How to Earn Teacher Certification in Vermont

If you want to teach in Vermont, your first step is to get your degree and earn certification. While there are several pathways to doing this, your options depend on the level of education you need and your experience.

This guide can help you determine the pathway that’s right for you at any point in your career. Perhaps you’re beginning your journey and need to know about Vermont’s certification process. Or maybe you want to learn how to progress to advanced certification and earn an endorsement in a focused subject such as special education. Or, you’re a teacher looking to move to Vermont from another state. You’ll find all that information and more right here.


Vermont has two routes to licensure-the traditional route and the alternative route. The traditional route of obtaining licensure in Vermont is specific to their Level I and Level II licensure requirements (read about Level I and II requirements below).

Minimum Education Requirements for Vermont Teachers

According to the Vermont Agency of Education (VAE), you can apply for a Level I or Level II teacher license. Each level of licensure requires different types of professional learning credits. In addition to these credits, obtaining licensure requires completion of a Vermont-approved educator preparation program through a bachelor’s, post-baccalaureate or master’s degree program at a college or university that is regionally accredited or state-approved. This institution must also recommend you for licensure at completion of the program.

Level I License

This license is good for three years and, no matter your endorsement, requires three credits (or 45 hours) of new professional learning. Of this professional learning, at least one credit (or 15 hours), must apply to the knowledge and performance standards of the endorsement of choice. The remaining two credits must apply to the Core Teaching and Leadership Standards for Vermont Educators.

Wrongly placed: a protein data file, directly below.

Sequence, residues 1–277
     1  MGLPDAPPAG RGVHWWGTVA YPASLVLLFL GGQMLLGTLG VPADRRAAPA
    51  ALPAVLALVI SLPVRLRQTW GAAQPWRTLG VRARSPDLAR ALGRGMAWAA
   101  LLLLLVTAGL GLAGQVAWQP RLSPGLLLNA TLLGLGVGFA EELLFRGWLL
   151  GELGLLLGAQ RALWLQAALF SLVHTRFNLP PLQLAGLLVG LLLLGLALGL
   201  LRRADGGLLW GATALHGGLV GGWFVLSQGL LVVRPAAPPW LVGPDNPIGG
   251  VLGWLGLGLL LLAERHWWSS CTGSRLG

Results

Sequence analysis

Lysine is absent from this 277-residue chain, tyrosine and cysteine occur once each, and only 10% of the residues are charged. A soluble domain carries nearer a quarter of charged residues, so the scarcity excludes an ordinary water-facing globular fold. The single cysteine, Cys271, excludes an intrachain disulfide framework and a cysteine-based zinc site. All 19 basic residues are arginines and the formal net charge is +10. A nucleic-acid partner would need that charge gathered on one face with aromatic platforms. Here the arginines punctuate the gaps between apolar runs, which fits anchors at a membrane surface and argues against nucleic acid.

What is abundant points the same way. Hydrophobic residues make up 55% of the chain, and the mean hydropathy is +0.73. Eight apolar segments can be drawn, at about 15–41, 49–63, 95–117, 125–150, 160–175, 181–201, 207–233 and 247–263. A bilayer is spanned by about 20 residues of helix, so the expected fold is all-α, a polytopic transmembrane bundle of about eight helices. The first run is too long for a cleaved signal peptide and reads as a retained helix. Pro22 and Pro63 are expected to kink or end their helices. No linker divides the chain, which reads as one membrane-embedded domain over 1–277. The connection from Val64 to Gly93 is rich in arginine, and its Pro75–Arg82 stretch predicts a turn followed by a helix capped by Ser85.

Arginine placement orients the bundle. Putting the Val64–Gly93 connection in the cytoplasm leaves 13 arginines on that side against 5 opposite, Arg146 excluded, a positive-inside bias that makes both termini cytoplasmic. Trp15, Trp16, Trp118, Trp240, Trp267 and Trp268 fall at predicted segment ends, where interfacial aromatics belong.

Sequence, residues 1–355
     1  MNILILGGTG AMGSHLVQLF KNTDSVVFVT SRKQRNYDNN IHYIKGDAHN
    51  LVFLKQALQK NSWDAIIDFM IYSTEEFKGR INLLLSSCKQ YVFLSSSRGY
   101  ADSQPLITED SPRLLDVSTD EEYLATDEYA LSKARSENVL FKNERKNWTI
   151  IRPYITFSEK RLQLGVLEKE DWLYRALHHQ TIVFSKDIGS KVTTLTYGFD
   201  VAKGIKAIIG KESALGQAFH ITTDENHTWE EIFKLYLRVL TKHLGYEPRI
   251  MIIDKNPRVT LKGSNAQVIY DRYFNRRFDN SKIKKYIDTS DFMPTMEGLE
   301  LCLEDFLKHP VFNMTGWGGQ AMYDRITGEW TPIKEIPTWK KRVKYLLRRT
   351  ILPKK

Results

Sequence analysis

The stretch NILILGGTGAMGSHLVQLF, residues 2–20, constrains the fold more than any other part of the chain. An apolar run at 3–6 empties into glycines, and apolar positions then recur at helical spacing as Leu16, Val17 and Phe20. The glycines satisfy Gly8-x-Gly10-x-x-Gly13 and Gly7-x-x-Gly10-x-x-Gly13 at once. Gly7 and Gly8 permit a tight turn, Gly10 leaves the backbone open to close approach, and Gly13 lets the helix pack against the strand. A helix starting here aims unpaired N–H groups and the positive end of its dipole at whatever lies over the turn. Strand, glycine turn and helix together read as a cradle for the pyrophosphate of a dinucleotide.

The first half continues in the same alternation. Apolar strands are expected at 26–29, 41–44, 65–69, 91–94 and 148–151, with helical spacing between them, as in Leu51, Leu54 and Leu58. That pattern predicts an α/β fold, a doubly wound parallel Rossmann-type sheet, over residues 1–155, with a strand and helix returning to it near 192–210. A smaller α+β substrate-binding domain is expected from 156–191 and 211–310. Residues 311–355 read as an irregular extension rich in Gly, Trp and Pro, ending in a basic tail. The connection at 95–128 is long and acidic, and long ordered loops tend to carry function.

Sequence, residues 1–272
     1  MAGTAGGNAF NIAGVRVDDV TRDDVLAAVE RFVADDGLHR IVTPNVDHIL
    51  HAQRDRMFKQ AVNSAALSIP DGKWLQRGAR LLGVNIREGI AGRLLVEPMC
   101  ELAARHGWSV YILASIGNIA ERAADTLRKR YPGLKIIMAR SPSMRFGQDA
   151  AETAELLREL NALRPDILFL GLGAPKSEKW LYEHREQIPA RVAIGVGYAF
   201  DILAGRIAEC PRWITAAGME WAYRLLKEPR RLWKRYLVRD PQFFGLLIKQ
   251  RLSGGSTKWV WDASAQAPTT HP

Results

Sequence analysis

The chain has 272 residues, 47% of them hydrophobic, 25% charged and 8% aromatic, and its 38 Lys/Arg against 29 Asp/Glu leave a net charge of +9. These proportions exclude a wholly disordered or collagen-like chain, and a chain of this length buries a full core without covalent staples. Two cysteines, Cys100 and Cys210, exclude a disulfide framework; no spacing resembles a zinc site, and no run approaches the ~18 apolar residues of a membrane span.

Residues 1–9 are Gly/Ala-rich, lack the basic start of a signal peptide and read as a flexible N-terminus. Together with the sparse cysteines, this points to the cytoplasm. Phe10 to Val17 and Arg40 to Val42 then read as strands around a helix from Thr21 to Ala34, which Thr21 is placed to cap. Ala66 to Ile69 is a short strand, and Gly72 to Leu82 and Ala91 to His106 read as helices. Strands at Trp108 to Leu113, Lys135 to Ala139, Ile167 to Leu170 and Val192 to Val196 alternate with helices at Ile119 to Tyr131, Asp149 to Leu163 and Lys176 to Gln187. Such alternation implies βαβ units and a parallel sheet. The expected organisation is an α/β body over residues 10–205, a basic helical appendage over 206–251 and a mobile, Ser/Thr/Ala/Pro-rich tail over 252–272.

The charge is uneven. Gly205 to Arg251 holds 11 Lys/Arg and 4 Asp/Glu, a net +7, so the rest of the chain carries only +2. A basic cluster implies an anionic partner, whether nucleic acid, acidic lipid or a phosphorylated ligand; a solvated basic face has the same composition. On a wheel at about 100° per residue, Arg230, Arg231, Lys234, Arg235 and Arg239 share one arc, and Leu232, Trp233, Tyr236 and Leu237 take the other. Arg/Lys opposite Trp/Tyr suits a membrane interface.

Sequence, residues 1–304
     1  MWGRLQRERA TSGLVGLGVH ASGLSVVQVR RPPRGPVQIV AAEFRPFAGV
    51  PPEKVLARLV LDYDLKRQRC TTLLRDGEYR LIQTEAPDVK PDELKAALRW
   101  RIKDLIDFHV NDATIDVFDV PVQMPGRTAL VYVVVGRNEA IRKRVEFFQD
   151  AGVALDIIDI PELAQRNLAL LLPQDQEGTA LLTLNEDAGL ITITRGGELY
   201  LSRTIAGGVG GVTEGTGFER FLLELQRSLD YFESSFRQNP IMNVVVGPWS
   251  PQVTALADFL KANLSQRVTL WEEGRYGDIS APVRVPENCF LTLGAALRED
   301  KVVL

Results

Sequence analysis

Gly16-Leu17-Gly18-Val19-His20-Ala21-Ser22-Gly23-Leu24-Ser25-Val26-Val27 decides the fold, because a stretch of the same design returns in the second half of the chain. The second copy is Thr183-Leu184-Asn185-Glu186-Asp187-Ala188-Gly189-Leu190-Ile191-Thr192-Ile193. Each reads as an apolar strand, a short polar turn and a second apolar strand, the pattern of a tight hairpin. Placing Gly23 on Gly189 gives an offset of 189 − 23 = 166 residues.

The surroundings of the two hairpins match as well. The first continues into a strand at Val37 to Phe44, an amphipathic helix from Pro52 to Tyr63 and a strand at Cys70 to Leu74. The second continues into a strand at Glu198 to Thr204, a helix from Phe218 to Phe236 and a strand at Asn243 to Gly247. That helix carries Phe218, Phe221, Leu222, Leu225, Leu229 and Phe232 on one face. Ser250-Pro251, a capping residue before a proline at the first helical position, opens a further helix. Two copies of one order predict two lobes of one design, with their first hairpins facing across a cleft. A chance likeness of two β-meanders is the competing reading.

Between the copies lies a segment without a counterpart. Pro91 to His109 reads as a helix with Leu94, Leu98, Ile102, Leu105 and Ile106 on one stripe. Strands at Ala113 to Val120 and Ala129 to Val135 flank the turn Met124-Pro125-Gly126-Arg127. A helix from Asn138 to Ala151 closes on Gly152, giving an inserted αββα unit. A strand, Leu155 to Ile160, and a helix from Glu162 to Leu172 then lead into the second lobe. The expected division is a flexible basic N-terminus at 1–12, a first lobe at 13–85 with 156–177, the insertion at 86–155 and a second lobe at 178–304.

Level II License

Teachers are only eligible for Level II one they have practiced in Vermont for three years under a Level I license. The Level II license stays eligible for either five or seven years, depending on which you wish to apply for. For the seven-year license, any Level II endorsements must have nine credits (or 135 hours) of new professional learning. A minimum of three credits (or 45 hours) of this professional learning are required to apply toward the knowledge and performance standards of the endorsement. The other six credits must fall within the Core Teaching and Leadership Standards for Vermont Educators.

For the five-year license, six credits (or 90 hours) must apply to new professional learning, at least two credits (or 30 hours) of which must apply directly to the knowledge and performance standards of the endorsement of choice. The remaining four credits (or 60 hours) must fall within the Core Teaching and Leadership Standards for Vermont Educators.

Core Teaching and Leadership Standards for Vermont Educators

These Vermont educator standards are designed to be reflective of the stages of professional development in a teacher’s career. There are ten standards to meet for the Level I and II license.

Learner Development: Understanding student growth and development within cognitive, linguistic, social, emotional and physical areas.

Learning Differences: Understanding differences amongst individuals, cultures, and communities to ensure inclusive learning environments.

Learning Environments: Working with others to create environments that are conducive to individual and collaborative learning, and that encourage active participation and social interaction.

Content Knowledge: Understanding concepts, tools, and structures that lead to disciplined and meaningful learning experiences.